The BC, Alberta and Ontario securities commissions
may have gained too much financial autonomy when converted to
crown corporation status, according to a new study Commissions Unbound: The Changed Status of Securities Regulators in Canada
released today by The Fraser Institute. This has come at the
expense of low cost and efficient regulation of the securities
The study, written by Professor John Chant, Professor of
Economics, Simon Fraser University and Neil Mohindra, Senior
Economist, Financial Sector Regulation, Fraser Institute,
examines patterns in expenditures, employment levels, revenue,
salary growth and reserve levels of the BC, Alberta, and Ontario
securities commissions, all of which were recently given
Prior to 1995, the budgets of the securities commissions of
Alberta and BC were set by their provincial governments through
the appropriation process commonly used for all government
spending. That same year, the Alberta Securities Commission (ASC)
and the British Columbia Securities Commission (BCSC) were given
Crown corporation status, which gave the commissions the ability
to control the fee revenue generated from their activities and
determine their own budgets. In 1997, Ontario also converted its
securities regulator, the Ontario Securities Commission (OSC) to
a self-funded corporation.
"There were calls for the change in status of the commissions
because it would insulate them from the vagaries of negotiating
appropriations with governments for financing their activities,"
However, the study shows that the evidence suggests the reduced
financial accountability inherent in the commissions' changed
status appears to have had undesirable side-effects. The authors
found that since conversion in 1995, the ASC and BCSC have
increased spending on average by almost 20 percent and 14 percent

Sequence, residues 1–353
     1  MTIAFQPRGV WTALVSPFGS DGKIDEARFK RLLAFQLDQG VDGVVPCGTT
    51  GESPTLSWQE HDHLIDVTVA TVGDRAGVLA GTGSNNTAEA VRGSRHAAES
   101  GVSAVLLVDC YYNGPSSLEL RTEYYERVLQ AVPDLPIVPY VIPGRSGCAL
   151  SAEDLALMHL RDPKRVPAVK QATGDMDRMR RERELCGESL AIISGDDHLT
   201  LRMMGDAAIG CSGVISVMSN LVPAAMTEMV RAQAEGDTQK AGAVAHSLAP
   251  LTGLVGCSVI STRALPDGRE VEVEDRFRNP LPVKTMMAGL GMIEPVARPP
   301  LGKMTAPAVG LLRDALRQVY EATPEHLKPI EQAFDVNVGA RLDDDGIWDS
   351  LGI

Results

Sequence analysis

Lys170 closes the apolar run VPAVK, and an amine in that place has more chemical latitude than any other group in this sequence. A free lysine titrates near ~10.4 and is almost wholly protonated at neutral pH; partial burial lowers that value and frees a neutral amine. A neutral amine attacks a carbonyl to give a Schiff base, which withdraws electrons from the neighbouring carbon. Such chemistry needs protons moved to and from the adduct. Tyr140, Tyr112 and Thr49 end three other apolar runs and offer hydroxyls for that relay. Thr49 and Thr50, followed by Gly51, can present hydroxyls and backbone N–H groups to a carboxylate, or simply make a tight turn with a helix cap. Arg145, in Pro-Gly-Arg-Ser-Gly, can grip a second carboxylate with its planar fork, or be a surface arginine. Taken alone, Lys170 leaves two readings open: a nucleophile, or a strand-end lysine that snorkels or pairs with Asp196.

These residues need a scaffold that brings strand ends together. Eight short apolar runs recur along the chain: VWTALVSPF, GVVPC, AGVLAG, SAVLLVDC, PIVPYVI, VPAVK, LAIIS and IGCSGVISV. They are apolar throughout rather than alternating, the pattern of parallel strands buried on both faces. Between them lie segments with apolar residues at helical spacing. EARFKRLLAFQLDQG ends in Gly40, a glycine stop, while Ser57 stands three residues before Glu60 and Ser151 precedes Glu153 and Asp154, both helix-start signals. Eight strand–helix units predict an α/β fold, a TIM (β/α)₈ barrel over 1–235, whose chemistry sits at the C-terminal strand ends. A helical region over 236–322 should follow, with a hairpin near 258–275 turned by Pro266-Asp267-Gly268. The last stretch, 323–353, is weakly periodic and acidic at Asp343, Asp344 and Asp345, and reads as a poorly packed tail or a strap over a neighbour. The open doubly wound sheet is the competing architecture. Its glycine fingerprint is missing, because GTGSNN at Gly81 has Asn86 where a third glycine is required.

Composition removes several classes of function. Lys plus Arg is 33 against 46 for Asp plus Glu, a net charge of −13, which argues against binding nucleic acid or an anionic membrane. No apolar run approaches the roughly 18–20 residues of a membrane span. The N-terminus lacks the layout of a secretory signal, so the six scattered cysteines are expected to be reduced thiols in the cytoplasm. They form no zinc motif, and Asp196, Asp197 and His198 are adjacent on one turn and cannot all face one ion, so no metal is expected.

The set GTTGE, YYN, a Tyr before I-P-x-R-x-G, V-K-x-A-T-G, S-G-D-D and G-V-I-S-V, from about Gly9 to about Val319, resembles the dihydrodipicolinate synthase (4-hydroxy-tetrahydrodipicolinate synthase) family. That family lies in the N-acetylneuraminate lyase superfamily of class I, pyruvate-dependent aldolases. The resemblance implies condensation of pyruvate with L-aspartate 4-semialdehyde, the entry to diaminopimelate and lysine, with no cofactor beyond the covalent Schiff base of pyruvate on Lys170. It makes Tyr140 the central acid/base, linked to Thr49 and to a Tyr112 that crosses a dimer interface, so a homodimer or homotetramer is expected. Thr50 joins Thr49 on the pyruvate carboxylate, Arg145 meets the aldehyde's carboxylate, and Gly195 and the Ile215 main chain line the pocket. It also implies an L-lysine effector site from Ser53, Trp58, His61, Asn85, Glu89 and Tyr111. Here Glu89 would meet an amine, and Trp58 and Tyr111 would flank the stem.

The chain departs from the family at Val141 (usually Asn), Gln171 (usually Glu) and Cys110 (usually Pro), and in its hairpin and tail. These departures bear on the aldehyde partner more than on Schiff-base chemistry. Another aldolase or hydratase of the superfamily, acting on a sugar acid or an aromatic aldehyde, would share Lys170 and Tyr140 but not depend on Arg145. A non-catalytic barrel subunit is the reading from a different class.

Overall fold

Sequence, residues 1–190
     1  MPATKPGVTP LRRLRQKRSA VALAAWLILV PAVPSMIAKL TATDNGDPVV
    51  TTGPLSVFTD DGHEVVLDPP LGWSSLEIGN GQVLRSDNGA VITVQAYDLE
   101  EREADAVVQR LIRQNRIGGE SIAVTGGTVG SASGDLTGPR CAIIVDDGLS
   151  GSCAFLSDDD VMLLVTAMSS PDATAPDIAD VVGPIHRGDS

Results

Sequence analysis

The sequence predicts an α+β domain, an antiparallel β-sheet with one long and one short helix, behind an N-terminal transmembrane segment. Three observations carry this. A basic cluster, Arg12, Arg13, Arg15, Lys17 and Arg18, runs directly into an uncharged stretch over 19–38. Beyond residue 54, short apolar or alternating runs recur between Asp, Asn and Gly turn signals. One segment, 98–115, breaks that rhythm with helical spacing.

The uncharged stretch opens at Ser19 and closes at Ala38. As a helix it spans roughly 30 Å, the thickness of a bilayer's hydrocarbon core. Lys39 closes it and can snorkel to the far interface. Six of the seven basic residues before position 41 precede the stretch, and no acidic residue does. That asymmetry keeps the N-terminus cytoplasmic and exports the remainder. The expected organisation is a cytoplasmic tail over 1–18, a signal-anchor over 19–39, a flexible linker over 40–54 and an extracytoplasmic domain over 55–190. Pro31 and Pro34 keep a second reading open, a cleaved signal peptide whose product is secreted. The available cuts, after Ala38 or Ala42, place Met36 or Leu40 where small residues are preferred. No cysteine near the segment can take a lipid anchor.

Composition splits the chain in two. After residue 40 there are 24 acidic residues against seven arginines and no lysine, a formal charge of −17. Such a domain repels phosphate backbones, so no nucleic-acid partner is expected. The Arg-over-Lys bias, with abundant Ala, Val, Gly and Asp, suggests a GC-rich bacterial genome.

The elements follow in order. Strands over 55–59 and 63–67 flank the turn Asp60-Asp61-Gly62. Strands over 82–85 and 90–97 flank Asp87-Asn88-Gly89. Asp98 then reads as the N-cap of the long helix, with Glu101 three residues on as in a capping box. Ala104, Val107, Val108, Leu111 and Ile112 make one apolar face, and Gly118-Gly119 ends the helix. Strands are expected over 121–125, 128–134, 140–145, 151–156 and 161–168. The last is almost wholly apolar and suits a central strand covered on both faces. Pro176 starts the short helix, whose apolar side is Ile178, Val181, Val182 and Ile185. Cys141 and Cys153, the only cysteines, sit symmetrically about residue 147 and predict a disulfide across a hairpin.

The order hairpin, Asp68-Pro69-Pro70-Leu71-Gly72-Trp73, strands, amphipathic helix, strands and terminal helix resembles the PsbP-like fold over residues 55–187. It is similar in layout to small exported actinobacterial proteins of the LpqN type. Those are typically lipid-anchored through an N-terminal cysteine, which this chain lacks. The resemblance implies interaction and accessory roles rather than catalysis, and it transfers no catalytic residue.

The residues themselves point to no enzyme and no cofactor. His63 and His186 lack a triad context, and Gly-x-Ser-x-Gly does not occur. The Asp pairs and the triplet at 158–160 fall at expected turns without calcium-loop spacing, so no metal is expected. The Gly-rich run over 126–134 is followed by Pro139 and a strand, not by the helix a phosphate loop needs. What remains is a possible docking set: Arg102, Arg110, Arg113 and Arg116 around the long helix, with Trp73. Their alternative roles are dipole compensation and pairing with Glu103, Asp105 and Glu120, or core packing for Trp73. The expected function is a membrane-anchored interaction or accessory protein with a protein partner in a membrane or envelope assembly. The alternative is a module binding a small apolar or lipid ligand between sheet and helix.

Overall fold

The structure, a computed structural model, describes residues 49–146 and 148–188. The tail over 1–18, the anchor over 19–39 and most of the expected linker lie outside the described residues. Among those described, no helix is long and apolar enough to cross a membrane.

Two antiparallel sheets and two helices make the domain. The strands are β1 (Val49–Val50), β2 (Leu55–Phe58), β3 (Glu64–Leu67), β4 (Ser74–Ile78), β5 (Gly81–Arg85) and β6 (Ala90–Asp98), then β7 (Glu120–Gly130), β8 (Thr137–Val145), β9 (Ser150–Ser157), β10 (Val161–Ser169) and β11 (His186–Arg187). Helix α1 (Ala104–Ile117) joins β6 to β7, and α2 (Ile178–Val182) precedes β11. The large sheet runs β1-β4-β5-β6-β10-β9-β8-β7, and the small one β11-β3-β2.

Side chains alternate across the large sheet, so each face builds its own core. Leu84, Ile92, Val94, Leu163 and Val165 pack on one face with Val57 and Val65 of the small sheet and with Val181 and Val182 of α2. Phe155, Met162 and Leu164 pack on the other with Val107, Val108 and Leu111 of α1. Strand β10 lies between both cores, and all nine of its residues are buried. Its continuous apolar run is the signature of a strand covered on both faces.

a year. Since its conversion in 1997, spending by the OSC has
more than doubled.
A major reason for this explosion in spending is staff increases.
The BCBS and ASC have increased their staff by approximately 50
percent in the five years since conversion, while the OSC
increased their staff by 67 percent. "In a speech last year, the
Chairman of the UK Financial Services Authority (FSA), Howard
Davies, indicated the FSA's philosophy was to work harder rather
than build further battalions of regulators. Some of our
provincial securities commissions appear to have taken the
opposite philosophy," says Mohindra.
Rising salaries have also contributed to higher expenditures.
Average salaries have been increasing at the BCSC by an average
of over 5 percent per year, while at the ASC they have been
increasing 13.5 percent per year. Between 1996 and 2000, these
two commissions beat private sector counterparts in investment
intermediaries, accounting, and law in salary growth. In 1996,
only two staff members received a salary greater than $100,000 at
the OSC. In 2000, sixty-four surpassed this mark.
Senior management at the commissions are beneficiaries of the
salary growth. In 2000, the salaries of the OSC Chair, the Vice
Chairs, and executive directors of both the OSC and ASC were more
than double 1996 levels. Comparisons with positions of similar
responsibility suggest salaries at the commissions are excessive.
The OSC Chair now earns 2.6 times the salary of the Chair of the
U.S. Securities and Exchange Commission (SEC).
Despite the higher spending, fees were set at excessive levels
that generated large surpluses. By the end of 2000, the three
commissions combined held over $60 million in reserves despite
transfers to their provincial governments of over $60 million by
the OSC and $12 million by the BCSC.
Since the study was written, the OSC has released its 2001 Annual
Report, which shows a further 13 percent increase in spending, a
large part of which is attributable to staff expansion. The
latest OSC annual report indicates the operating budget for 2002
is 16 percent higher than 2001 expenditures and that staff levels
will continue to expand significantly. Staff levels are
continuing to escalate at the OSC despite delegation of mutual
fund dealer regulation to a new self-regulatory organization.
"Overall, the conversion of the commissions into crown
corporations was not a success, but a lesson on why bureaucrats
should not have independence in setting budget and salary levels.
This isn't just true for securities regulators, but other
government bodies as well such as public utilities, hospital and
school boards. Measures are needed to restore financial
accountability, including subjecting the budgets of the
securities commissions to an arm's length review," concludes